A Walk Through the Grasslands
(photos and text by Jack van der Star)

(Kamloops local Jack Van Der Star, a world class telecommunications systems engineer, tells this story of a walk (2010) through the Grasslands Community Trail with (now retired) SD 73 principal Mike Weddell and students at Happyvale School.)

It was an ordinary June day but I was determined to take up Mike’s offer to join his school group hiking the Grasslands Community Trail.

Mike and I had previously worked some website development and were thinking seriously of creating an intelligent trail to enrich this unique hike.

Until this day it was only an academic exercise based on pictures and his descriptions. I knew it was something he was passionate about and thought it would be a good experience. I met up with the group at the old Westsyde Elementary School  site.

After getting the group organized we headed up Ida Lane using  the subdivision road by the communications and water tower. There was a new sign near the subdivision where crown land encroached on private land.

Lots of sage and rabbit brush near the trail.  It was a little confusing as to the appropriate entrance to use. Thanks to the teacher in charge of  McQueen Lake Environmental Centre we were redirected around to the south of the water tower and were immediately into the lower grasslands. There was more sage and some clumps of aging bull pine trees. We immediately got the message this was an uphill climb and found our breath.

The trail took us up and over a little rise leading to Deep Lake. It was a trail that reminded me of an alpine meadow by a high lake you might see in a National Park but this was a half hour walk from Kamloops – something that is unique. The kids were great. They were enjoying the view and the adults were beginning to feel the change in elevation.

As we passed Deep Lake we headed up and around on an old road which had markers for  fibre optic cable. We followed this cart track and noticed that there was less sage and very few trees. In fact, as we emerged on a wide expansive plateau, we saw grass as far as the eye could see. As we looked ahead the trail stretched out in a long sweep up to a hill crest with two large trees that seemed to be out of place. Very little evidence of anything man made was visible except for a fence part way through the vista. As we walked past the second lake we found mosquitoes that were brown compared to their darker city cousins.

After a long walk through these grasslands we finally emerged at the trees which Mike affectionately called “marker” trees. The kids were eating their lunch under the trees away from the sun which was starting to come through now. On top of the hill beside the marker trees you could see for miles and clearly mark the different ecological zones. The lower, middle and upper grasslands, the transition zone into the Douglas Fir forest and the big snag on top of the hill across the valley. This was where we would pass through the ranch lands on top of the ridge by McQueen Lake.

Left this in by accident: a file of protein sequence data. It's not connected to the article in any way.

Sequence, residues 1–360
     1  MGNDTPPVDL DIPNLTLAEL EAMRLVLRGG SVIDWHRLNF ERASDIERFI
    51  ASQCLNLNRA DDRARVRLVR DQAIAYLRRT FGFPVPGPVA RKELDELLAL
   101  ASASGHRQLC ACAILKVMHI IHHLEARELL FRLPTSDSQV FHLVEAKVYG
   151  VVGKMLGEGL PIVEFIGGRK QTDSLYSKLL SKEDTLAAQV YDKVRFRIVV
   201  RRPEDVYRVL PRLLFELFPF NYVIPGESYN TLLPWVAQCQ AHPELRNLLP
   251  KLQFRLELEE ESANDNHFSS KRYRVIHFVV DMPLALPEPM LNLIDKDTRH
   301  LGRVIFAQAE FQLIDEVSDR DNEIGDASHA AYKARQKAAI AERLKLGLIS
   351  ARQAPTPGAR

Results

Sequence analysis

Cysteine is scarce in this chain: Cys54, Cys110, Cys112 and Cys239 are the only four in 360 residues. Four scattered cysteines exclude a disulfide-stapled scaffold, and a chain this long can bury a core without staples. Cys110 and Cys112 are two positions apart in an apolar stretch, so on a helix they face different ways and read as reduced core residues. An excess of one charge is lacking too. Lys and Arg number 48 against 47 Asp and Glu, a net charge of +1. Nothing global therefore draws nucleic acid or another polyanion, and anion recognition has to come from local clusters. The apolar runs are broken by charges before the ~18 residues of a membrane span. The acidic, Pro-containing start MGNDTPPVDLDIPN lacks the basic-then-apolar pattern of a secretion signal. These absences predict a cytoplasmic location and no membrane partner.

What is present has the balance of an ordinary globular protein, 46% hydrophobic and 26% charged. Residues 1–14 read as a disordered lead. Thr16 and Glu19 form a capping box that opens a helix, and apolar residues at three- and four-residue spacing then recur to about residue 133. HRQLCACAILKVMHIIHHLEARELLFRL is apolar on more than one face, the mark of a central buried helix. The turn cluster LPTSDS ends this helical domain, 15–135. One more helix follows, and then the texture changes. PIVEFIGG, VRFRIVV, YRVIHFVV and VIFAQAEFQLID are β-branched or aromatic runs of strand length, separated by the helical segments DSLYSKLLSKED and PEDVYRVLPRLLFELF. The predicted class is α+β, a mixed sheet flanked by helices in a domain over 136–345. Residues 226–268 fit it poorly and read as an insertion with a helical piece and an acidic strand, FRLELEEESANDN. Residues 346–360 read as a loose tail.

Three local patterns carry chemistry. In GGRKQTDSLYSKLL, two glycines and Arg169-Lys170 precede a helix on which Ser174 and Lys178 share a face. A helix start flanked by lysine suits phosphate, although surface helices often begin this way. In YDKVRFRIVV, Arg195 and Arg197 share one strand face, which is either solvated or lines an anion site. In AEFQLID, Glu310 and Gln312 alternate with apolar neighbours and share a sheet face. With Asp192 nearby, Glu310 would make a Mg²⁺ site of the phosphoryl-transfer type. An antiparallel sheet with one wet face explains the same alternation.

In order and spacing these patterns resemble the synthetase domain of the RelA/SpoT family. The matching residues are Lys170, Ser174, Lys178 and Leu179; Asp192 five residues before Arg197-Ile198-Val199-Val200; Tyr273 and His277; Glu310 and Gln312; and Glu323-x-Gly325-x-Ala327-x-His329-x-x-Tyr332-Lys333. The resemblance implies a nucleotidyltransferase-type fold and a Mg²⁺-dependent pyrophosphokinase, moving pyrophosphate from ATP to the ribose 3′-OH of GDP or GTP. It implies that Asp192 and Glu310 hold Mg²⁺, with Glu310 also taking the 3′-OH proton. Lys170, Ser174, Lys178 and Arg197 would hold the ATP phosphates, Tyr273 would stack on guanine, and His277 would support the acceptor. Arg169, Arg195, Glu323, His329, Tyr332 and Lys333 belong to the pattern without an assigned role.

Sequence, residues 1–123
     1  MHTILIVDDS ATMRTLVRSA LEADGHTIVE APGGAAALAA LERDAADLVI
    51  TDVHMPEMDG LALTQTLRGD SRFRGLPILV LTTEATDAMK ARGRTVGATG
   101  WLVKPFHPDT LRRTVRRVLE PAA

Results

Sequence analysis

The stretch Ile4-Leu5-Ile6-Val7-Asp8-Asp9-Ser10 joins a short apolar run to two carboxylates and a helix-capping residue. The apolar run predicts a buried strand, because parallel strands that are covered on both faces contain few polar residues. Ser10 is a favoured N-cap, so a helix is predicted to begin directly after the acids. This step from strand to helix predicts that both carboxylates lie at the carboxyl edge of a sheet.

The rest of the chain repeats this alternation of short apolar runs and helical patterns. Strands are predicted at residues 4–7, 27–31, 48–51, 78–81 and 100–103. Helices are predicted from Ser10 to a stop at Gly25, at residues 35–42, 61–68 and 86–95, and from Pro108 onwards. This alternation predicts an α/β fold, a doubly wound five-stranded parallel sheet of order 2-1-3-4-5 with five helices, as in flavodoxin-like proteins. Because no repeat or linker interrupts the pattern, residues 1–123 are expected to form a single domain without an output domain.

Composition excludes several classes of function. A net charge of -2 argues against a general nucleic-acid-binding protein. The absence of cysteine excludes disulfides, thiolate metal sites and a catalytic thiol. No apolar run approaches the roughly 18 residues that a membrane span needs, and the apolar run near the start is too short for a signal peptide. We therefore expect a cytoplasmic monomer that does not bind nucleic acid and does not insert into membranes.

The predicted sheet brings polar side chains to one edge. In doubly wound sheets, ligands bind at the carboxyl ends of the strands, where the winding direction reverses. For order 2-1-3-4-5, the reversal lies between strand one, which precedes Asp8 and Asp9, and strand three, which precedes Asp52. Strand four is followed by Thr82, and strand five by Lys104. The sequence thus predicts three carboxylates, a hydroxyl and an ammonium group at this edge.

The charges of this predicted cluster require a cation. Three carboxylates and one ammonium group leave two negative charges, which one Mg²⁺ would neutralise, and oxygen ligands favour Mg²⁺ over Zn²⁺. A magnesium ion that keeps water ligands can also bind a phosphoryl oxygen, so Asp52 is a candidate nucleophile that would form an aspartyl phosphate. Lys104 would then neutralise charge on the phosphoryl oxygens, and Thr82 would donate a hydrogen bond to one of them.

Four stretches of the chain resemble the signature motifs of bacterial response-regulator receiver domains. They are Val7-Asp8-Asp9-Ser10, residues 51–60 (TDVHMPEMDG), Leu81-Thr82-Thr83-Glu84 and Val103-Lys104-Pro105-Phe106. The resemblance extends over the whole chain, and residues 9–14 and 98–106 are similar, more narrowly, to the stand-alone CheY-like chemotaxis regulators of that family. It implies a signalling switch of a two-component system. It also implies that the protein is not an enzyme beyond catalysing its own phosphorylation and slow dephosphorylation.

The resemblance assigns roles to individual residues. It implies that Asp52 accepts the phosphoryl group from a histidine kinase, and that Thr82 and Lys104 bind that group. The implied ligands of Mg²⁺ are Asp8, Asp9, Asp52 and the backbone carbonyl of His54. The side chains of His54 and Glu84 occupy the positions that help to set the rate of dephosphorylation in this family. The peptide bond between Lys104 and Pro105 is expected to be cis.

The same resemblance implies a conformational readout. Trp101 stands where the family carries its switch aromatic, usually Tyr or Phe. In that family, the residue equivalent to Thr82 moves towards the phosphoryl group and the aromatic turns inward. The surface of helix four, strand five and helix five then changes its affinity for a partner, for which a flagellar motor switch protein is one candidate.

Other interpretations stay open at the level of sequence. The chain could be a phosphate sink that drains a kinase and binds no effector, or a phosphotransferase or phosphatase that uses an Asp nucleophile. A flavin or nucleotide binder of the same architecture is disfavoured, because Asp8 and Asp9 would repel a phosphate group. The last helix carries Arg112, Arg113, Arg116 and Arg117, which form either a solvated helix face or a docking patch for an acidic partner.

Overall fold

Mike was especially worried about bears in the gullies and suggested that we move out ahead through the transition zone to scare any away before the kids walked through behind us. The only wild life we saw was a cowboy and his dog who were out checking on the cattle they had grazing in the area.

As we headed through the transition zone we stopped at the outhouse in a small clearing that really was at the point where the Douglas fir forest started. So did some serious uphill climbing – 200 meters or so to the snag. A small group found an alternate nature walk until they were rounded up with the rest of the group. After testing our physical stamina we finally got to the top of the ridge. Amazingly there were no complaints from the kids as they moved along the steep part of the trail. The forest was quite dark with very little vegetation in this area.

What I remember vividly was the variety of colourful flowers we encountered.This continued into the trees as we came closer to McQueen Lake where we saw lady slippers and sunflowers. When we arrived at McQueen Lake it appeared to be an amazing facility with a number of lodges and a central cook house. Of course we headed straight to the cookhouse to get recharged with a late lunch and water.

I will always remember this day as the one I did something a little different, the day I got a lot of exercise and the day I learned something new about the world we live in. What an amazing experience.  It is wonderful to think how easy it is for everyone to do this if they choose.

The Weather Network

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